17. Charmin (owned by Procter & Gamble)

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18. Cheerios (owned by General Mills)
 

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19. Chiquita

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20. Chobani

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21. Clorox 

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22. Coca-Cola

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It’s almost impossible to overstate the impact that Coca-Cola has had on the U.S. beverage market over the past century. Today, the global brand is represented in virtually every beverage segment through its various products — think Dasani, Fairlife, Fanta, Gold Peak, Minute Maid, Schweppes, Simply and Sprite, to name just a sampling. Its unforgettable ad campaigns have included “I’d Like to Buy the World a Coke,” animated polar bears, and even Santa Claus himself holding a bottle of the liquid refreshment. While a few products’ lives were more short-lived — New Coke and Tab come to mind — the company has continued to impress through its creativity and longevity in an ever-changing consumer landscape.

23. Colgate-Palmolive

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A small soap and candle business started by William Colgate in the early 19th century has today grown into a global company that includes Colgate toothpaste and other personal care brands such as Irish Spring, Softsoap, Speed Stick and Tom’s of Maine, as well as Ajax, Hill’s Pet Nutrition, Murphy Oil Soap and, of course, Palmolive Dish Soap. In the 1930s, the company featured two radio programs, “The Palmolive Hour” and “Palmolive Beauty Box,” and throughout the 20th century, its TV ads and product innovation helped turn its brands into household names.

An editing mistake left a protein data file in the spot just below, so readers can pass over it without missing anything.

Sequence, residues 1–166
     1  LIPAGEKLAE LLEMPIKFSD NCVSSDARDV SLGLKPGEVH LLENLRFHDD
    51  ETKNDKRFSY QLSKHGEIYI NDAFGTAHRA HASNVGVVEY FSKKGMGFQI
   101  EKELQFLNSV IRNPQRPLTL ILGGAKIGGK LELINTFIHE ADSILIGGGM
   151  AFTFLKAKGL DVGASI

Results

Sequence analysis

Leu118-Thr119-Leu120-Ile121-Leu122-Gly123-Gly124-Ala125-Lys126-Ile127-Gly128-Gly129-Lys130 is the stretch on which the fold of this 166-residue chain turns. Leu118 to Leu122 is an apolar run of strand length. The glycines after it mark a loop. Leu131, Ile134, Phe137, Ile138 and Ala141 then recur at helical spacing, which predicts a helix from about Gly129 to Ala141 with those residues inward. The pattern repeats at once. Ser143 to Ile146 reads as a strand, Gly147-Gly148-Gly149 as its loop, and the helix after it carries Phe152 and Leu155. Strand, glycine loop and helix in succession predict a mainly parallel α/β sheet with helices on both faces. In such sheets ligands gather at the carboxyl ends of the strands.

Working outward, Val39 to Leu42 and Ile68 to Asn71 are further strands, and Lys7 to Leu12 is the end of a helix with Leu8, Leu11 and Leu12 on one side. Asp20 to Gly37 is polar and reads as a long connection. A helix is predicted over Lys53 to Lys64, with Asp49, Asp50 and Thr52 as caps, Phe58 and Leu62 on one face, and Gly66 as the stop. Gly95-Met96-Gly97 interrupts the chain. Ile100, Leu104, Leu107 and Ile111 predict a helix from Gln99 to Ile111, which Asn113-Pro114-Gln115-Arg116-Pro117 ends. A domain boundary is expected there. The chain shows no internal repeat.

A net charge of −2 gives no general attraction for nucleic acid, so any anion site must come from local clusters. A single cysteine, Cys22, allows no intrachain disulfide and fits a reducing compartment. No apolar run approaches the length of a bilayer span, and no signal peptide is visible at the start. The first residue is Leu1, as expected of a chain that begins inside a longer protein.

24. Cool Whip (owned by Kraft Heinz)

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25. Coors

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26. Cup Noodles (owned by Nissin Foods)

 

27. Dannon

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28. Del Monte

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29. Dole

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30. Domino 

 

31. Dove (owned by Unilever) 

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32. Driscoll’s 

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100 Iconic Brands That Changed Grocery

33. Folgers (owned by J.M. Smucker)

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34. French’s (owned by McCormick & Co.) 

 

35. Frito-Lay (owned by Pepsico) 

 

36. Gerber (owned by Nestlé)

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37. Gorton’s 

 

38. Goya Foods

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39. Green Giant (owned by B&G Foods)